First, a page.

The authors said the HCHF diet substantially changed the lipoprotein profile. What else changed besides total cholesterol?

We observed a significant increase in serum oxLDL-cholesterol [oxidised LDL-cholesterol] concentrations at the 3rd week of the HCHF diet compared with basal concentrations (54.9%, P = 0.03), but the concentration increase at the 7th week of the dietary challenge (19.6%) was not significant (P = 0.11). No statistically significant changes in the concentration of triacylglycerols [triglycerides] or the ratio of total cholesterol to HDL cholesterol were observed during the HCHF dietary challenge.

So we had a little blip of oxLDL-cholesterol at the three week mark, which could easily be attributed to an acute change in the diet, but nothing after the seven weeks? No changes in triglycerides, no change in the cholesterol/HDL ratio? I thought these guys said the HCHF diet substantially changed the lipoprotein profile. Other than a change in total cholesterol, which really isn’t part of a lipoprotein profile, it doesn’t look to me like it changed it at all.

Did the diet cause any inflammatory changes? Any changes in antioxidant status? C-reactive protein?

Our results showed that the following 4 patterns of proinflammatory changes occurred when baboons were fed the HCHF diet: 1) MCP-1 concentrations significantly increased and remained high until the end of the 7-wk dietary challenge; 2) IL-6 and TNF-alpha concentrations were dramatically increased after 3 wk of the dietary challenge but decreased to below baseline concentrations by the end of the challenge; 3) soluble TNF-alpha receptor II concentrations were significantly lower than baseline concentrations after 7 wk of the dietary challenge but not after 3 wk; and 4) the total antioxidant status and the concentrations of IFN-gamma , IL-1β¸, and CRP did not change significantly during the entire dietary challenge period. The concentrations of other endothelial dysfunctional markers, ie, soluble VCAM-1 and soluble ICAM-1, did not change significantly during the full 7-wk HCHF challenge.

So, other than a doubling of MCP-1 nothing happened. No inflammatory changes whatsoever. No changes in antioxidant status. No changes in CRP (C reactive protein).

What is MCP-1? MCP-1 (monocyte chemoattratant protein 1) is a cytokine that attracts monocytes (a type of white blood cell) to an area in response to an infection other immunologic insult. What does it mean in this study? Who knows since we don’t know what the caloric content of the high-cholesterol, high-fat diet was. It’s unlikely to be much of a factor, however, since virtually no other inflammatory parameters were changed. Generally during inflammation a whole host of markers change, not simply a single one while all the others remain normal. Since a couple of other cytokines (IL-6 and TNF-alpha) increased at the three week mark but returned to baseline or below after seven weeks it is possible that MCP-1 has a longer trajectory back to normal and if evaluated after, say, ten weeks, would also have returned to baseline. This, of course, is speculation on my part, but certainly reasonable given that no other measured cytokines were out of line after the seven weeks.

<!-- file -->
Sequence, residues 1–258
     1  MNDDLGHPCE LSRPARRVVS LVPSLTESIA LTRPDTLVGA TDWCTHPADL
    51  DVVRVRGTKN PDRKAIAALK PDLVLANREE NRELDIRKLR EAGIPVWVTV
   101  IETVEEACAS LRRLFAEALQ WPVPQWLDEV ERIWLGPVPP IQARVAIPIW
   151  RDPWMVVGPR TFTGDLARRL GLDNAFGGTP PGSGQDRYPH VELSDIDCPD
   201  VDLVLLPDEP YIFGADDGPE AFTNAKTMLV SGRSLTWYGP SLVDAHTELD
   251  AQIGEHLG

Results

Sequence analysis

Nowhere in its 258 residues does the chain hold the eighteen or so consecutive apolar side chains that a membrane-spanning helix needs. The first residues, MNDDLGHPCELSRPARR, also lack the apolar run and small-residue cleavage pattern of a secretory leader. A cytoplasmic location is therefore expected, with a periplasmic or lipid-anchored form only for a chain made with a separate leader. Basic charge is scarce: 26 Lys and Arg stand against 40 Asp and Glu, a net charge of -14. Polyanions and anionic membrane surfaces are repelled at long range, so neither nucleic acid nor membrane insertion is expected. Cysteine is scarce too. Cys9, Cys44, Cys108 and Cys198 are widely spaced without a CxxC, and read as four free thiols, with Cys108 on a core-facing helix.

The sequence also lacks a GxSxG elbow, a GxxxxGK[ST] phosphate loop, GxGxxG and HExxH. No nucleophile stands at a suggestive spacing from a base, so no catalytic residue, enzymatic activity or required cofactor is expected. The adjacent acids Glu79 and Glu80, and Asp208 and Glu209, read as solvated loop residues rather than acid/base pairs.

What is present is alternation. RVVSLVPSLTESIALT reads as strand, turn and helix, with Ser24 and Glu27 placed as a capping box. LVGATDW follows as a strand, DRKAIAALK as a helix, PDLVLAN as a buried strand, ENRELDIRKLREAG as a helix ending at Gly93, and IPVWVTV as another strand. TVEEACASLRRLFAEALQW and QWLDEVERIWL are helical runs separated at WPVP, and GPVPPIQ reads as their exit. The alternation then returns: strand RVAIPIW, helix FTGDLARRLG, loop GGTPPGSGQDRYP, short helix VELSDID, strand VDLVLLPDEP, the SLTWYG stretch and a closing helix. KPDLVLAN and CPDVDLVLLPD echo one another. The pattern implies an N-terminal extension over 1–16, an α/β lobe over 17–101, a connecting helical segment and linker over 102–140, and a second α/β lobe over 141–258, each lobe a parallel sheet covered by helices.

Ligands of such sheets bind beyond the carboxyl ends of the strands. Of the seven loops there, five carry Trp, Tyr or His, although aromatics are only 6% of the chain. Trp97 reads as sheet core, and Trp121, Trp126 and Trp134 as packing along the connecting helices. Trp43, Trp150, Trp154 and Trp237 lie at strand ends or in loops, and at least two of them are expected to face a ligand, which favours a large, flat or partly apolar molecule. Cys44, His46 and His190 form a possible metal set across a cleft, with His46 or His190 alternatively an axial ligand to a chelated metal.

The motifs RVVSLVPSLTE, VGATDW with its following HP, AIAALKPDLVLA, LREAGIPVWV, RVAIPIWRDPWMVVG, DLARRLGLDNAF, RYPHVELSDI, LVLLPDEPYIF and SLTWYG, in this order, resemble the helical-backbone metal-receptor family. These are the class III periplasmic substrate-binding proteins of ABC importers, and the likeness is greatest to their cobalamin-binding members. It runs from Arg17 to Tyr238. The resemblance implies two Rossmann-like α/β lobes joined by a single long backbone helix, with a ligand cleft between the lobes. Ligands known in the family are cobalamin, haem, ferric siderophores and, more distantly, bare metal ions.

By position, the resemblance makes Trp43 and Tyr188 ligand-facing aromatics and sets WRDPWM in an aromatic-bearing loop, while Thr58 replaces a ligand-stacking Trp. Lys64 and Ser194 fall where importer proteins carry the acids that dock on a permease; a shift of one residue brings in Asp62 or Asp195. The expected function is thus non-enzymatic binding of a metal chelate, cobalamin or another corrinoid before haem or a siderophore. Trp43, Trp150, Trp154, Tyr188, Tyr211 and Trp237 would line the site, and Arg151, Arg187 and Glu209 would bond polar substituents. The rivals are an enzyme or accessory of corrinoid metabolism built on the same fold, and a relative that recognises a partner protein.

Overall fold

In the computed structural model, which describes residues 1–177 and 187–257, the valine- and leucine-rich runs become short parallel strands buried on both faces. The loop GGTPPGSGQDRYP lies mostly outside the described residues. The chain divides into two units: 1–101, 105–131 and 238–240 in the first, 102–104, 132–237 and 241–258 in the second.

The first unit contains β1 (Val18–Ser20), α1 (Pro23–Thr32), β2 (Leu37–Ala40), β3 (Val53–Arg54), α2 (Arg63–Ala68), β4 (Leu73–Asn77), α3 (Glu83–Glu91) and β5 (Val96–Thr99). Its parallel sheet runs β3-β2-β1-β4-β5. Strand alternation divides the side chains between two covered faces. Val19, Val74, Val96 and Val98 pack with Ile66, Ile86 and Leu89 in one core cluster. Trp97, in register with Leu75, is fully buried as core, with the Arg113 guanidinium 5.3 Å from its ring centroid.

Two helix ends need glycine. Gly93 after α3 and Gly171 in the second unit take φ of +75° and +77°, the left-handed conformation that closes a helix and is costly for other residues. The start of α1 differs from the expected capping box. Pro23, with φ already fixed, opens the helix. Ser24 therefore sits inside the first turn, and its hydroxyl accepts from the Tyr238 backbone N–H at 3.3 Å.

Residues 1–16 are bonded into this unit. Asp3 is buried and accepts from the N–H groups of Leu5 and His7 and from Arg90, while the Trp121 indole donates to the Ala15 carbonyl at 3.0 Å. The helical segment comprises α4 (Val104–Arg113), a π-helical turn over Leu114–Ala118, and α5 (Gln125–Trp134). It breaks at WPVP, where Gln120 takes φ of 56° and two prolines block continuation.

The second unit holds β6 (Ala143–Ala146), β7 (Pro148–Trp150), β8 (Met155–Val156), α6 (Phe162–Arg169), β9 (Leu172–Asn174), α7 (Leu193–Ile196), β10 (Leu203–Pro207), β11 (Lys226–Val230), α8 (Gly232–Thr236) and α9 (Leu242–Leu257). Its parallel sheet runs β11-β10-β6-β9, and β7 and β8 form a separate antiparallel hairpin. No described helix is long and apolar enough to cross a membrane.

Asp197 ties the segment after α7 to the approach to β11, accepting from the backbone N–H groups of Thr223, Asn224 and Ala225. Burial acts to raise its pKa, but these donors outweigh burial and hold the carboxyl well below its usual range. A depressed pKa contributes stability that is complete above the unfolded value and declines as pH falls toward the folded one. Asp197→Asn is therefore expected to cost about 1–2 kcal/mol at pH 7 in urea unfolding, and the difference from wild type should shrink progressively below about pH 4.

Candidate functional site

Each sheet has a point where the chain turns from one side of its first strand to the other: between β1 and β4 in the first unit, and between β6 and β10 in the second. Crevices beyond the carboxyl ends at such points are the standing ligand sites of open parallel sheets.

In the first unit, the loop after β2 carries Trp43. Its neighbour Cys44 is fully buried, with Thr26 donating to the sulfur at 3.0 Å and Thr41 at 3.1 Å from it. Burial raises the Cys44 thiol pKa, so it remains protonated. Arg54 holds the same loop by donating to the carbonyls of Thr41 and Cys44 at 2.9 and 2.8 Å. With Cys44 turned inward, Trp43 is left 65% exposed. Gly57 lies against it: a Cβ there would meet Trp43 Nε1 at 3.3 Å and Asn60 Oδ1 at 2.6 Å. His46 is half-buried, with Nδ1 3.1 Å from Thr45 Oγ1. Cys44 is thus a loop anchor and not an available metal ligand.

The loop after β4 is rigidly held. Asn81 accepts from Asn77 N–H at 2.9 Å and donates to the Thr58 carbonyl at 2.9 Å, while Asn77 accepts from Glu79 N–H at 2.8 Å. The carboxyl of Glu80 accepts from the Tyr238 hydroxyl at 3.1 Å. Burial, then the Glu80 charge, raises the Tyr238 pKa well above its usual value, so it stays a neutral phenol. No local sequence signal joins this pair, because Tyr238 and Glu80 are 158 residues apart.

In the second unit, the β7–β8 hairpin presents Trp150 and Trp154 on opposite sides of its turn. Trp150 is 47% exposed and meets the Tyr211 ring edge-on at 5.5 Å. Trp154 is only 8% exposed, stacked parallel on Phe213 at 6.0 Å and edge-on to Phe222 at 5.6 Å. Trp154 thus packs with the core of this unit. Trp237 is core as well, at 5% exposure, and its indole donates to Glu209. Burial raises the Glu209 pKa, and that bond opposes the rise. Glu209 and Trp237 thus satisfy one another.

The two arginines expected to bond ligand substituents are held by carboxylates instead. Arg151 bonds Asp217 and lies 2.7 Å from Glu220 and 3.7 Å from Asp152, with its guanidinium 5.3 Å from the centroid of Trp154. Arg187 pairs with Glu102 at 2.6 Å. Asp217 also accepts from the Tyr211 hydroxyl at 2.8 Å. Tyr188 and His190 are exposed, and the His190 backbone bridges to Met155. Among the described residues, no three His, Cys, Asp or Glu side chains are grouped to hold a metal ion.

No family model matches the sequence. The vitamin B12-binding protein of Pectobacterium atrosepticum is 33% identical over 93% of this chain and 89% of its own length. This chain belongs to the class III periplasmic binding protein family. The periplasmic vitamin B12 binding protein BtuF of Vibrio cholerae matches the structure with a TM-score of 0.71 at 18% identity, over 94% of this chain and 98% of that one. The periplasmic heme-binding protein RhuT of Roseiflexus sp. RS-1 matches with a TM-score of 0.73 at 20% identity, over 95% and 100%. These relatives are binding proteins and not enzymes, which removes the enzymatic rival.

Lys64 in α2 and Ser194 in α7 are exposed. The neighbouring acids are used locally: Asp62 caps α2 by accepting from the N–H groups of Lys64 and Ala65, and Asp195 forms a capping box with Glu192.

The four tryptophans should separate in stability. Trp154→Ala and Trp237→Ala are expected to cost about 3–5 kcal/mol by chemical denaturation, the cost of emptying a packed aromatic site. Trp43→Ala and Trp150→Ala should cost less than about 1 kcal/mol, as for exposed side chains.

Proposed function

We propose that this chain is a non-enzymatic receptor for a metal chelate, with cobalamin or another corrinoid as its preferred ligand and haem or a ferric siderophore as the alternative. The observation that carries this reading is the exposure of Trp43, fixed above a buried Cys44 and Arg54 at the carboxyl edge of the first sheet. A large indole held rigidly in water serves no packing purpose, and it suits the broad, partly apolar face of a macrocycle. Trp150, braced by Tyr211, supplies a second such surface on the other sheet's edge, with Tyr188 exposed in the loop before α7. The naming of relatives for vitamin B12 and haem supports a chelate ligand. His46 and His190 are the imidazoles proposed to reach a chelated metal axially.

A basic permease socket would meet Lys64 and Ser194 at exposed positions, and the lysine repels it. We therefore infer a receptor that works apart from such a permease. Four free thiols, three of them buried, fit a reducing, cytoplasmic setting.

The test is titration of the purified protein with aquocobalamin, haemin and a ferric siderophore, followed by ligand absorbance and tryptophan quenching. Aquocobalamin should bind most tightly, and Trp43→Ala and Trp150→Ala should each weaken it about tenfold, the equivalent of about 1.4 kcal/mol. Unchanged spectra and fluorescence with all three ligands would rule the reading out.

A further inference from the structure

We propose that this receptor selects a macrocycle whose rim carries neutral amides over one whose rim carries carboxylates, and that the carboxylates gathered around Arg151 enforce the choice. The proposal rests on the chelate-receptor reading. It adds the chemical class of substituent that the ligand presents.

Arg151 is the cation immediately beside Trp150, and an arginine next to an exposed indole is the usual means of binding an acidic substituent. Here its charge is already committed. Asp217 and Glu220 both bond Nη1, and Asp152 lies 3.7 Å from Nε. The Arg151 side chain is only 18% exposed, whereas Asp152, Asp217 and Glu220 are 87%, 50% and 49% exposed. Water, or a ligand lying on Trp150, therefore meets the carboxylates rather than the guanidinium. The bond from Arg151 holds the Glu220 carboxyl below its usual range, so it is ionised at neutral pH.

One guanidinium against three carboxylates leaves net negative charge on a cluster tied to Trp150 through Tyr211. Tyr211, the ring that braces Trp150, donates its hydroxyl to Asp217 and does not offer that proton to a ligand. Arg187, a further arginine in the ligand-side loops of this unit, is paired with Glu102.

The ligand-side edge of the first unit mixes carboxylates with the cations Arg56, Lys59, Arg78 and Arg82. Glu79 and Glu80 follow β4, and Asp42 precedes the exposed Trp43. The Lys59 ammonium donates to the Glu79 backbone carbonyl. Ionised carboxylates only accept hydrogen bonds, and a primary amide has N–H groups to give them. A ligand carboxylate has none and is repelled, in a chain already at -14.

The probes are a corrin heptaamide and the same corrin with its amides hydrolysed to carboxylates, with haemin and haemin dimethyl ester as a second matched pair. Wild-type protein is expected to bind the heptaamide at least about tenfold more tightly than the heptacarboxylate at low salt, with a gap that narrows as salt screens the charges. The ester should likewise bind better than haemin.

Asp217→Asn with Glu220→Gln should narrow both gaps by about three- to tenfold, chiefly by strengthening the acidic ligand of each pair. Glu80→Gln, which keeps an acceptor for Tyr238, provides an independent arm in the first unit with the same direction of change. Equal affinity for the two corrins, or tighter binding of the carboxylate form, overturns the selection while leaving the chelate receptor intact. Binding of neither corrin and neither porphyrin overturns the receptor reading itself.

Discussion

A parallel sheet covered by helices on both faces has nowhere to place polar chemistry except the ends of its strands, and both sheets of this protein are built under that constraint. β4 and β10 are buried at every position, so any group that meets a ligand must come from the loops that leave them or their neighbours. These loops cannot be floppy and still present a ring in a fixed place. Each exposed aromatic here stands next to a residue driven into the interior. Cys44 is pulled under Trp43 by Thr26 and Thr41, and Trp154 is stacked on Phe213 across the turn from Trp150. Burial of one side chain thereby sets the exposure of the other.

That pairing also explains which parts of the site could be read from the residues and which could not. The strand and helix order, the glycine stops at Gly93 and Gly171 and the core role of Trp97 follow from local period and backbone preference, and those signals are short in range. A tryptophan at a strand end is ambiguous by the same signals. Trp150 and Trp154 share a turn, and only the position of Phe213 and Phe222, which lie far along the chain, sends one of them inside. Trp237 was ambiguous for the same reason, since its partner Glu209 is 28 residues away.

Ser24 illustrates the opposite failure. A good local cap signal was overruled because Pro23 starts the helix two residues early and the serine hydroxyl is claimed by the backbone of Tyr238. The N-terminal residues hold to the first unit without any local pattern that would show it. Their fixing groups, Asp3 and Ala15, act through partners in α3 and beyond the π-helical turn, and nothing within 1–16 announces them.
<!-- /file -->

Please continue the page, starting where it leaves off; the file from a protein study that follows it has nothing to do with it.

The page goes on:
How about changes in the arteries themselves?

We examined the femoral artery macroscopically and microscopically; no atherosclerotic lesions, including early fatty streaks, were observed after the 7-wk HCHF challenge.

So, let’s see what we’ve got. After 7 weeks on an indeterminate high-cholesterol, high-fat diet the baboon subjects that were chosen because they had already proven to be hyper responders to fat and cholesterol in the diet increased their cholesterol levels and had a doubling of MCP-1. That’s it. No other lipid changes, no changes in other inflammatory parameters, and no visible (by either eyeball or microscope) changes in the arteries. We can attribute the elevated cholesterol levels to the fact that these baboons were chosen specifically because of their tendency to increase their cholesterol levels when following a high-fat, high-cholesterol diet.

So, what it all boils down to is nothing much at all.

But, you wouldn’t know that by reading the Discussion Section of the paper.

Consistent with our previous observations [when they determined which baboons were hyper responders], the HCHF diet can effectively increase total blood cholesterol and non-HDL cholesterol concentrations in baboons.

Our results show that the HCHF diet also results in gross systemic inflammatory responses, as indicated by markedly elevated cytokine concentrations.

Oh really?

After several paragraphs explaining why there were no elevations of all the cytokines and other inflammatory markers they were looking for, the authors conclude with

In summary, our results clearly show that the HCHF diet resulted not only in increased serum cholesterol concentrations but also in inflammation and endothelial dysfunction.

So they would have us believe.

As Huang Po, a Buddhist teacher from long, long ago put it:

The foolish reject what they see, not what they think. The wise reject what they think, not what they see.

The authors of this paper saw very little conclusive data in this study. It’s pretty obvious what they thought.